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alabama, parts of mississippi, even georgia, as well. heaters a look at the latest -- here's a look at the latest flood watches and warnings from the national weather service. new orleans and baton rouge included. what is the fate of tropical storm cindy as it moves inland? it will start to dissipate. still a considerable amount of moisture associated with the system as a cold front sweeps it to the east. that is what's going to bring our flood threat along with it. here's our chance of severe weather today. for this afternoon, 80 for the big apple. 93 for washington. 92 for chicago. atlanta, a warm and muggy 81. back to you. >> okay. thank you very much. let's get a check on cnn's "money stream" this morning. global markets are down this morning after wall street closed mostly lower. the s&p 500 fell after energy stocks dropped 1.6%. that's because oil continues to decline. crude prices fell another 2% to the lowest level in ten months.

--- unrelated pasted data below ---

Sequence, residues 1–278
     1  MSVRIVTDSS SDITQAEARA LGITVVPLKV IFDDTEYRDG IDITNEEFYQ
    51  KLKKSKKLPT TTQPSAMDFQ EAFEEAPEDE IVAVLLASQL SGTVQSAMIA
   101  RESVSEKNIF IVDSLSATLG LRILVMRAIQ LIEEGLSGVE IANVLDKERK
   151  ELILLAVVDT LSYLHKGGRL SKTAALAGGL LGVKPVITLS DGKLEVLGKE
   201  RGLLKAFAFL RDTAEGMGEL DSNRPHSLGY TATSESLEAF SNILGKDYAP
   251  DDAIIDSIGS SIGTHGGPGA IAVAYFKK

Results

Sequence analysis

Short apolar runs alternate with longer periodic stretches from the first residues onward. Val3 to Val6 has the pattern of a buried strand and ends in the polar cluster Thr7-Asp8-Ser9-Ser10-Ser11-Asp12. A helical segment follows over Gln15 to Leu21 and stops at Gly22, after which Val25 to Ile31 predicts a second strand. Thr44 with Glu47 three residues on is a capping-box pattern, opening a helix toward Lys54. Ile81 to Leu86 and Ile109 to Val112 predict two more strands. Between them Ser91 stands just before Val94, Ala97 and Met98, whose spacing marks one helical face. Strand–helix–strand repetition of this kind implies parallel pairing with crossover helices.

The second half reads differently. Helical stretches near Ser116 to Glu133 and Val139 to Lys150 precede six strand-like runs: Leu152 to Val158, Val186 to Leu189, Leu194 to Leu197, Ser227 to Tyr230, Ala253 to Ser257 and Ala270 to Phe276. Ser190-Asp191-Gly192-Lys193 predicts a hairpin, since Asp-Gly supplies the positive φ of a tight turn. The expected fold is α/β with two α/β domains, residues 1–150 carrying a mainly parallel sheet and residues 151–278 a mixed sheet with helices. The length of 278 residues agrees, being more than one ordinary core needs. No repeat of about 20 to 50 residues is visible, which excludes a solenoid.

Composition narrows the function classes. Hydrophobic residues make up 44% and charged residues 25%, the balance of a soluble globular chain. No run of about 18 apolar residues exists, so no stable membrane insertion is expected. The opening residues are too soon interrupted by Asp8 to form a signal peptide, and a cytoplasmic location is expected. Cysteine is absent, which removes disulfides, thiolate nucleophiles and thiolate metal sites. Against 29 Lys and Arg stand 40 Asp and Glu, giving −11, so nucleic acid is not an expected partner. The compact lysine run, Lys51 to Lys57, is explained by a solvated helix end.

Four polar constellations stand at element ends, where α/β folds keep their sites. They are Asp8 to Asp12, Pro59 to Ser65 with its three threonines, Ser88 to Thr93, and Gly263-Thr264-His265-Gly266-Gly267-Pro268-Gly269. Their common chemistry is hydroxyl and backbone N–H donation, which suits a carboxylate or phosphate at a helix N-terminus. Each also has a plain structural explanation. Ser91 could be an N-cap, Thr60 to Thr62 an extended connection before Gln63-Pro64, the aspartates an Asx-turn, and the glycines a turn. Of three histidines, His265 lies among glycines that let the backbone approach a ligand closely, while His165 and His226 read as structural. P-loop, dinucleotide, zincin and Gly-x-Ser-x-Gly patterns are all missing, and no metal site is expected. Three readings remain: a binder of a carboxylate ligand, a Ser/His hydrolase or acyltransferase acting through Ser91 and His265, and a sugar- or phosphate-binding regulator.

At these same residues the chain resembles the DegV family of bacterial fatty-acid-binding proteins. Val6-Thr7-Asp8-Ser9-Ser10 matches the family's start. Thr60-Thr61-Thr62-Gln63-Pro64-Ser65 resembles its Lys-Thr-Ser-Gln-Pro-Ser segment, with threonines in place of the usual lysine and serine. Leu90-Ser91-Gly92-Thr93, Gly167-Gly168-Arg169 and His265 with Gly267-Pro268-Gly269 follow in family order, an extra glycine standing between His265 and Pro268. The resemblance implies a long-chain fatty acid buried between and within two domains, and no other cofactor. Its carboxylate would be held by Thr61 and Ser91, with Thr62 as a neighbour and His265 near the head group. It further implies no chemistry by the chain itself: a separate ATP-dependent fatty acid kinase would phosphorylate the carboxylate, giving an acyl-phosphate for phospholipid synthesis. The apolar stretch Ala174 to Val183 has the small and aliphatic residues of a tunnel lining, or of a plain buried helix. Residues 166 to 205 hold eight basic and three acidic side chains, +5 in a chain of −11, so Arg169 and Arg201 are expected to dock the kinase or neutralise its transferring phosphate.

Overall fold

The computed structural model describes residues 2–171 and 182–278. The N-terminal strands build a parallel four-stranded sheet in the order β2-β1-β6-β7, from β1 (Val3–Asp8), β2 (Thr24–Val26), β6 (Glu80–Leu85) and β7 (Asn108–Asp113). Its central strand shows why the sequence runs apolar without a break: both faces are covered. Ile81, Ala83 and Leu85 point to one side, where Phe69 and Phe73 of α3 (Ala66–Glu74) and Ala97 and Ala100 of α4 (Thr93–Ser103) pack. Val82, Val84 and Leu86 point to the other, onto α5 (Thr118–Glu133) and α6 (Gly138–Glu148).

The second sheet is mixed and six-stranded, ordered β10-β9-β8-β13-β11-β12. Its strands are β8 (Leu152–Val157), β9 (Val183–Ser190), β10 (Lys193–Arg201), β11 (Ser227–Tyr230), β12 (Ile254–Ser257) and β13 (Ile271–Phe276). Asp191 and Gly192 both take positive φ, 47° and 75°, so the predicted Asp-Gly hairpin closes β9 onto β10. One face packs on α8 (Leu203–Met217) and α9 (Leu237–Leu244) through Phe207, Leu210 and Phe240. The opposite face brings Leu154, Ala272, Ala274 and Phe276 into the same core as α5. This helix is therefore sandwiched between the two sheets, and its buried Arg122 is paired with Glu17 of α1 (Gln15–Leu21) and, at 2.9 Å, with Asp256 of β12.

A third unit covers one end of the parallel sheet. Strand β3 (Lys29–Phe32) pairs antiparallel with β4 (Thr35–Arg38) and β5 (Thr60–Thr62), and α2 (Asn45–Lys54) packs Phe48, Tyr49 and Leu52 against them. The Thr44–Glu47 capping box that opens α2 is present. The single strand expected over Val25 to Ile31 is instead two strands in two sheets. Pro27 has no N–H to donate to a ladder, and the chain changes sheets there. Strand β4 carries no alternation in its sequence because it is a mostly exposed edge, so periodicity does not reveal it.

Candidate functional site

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that's still bear market territory or a 20% drop for oil. investors are worried over a supply glut. that drop in oil prices good news for drivers. gas is the cheapest in 112 years. prices have fallen every day since june 2nd. the average is now down ten cents to $2.28 a gallon. gas prices usually spike during the summer. but low demand is driving prices down. and experts think they'll just keep falling. they predict this weekend we'll have the cheapest prices so far in time to drive. home sales increased in may. that's a rebound from april. sales have seesawed from month to month this year. the problem is high demand and low inventory. low supply. the number of houses for sale is close to a 20-year low. that winds up boosting prices. so the median sales price hitting a new record in may. it's up 6% from last year. did you know that george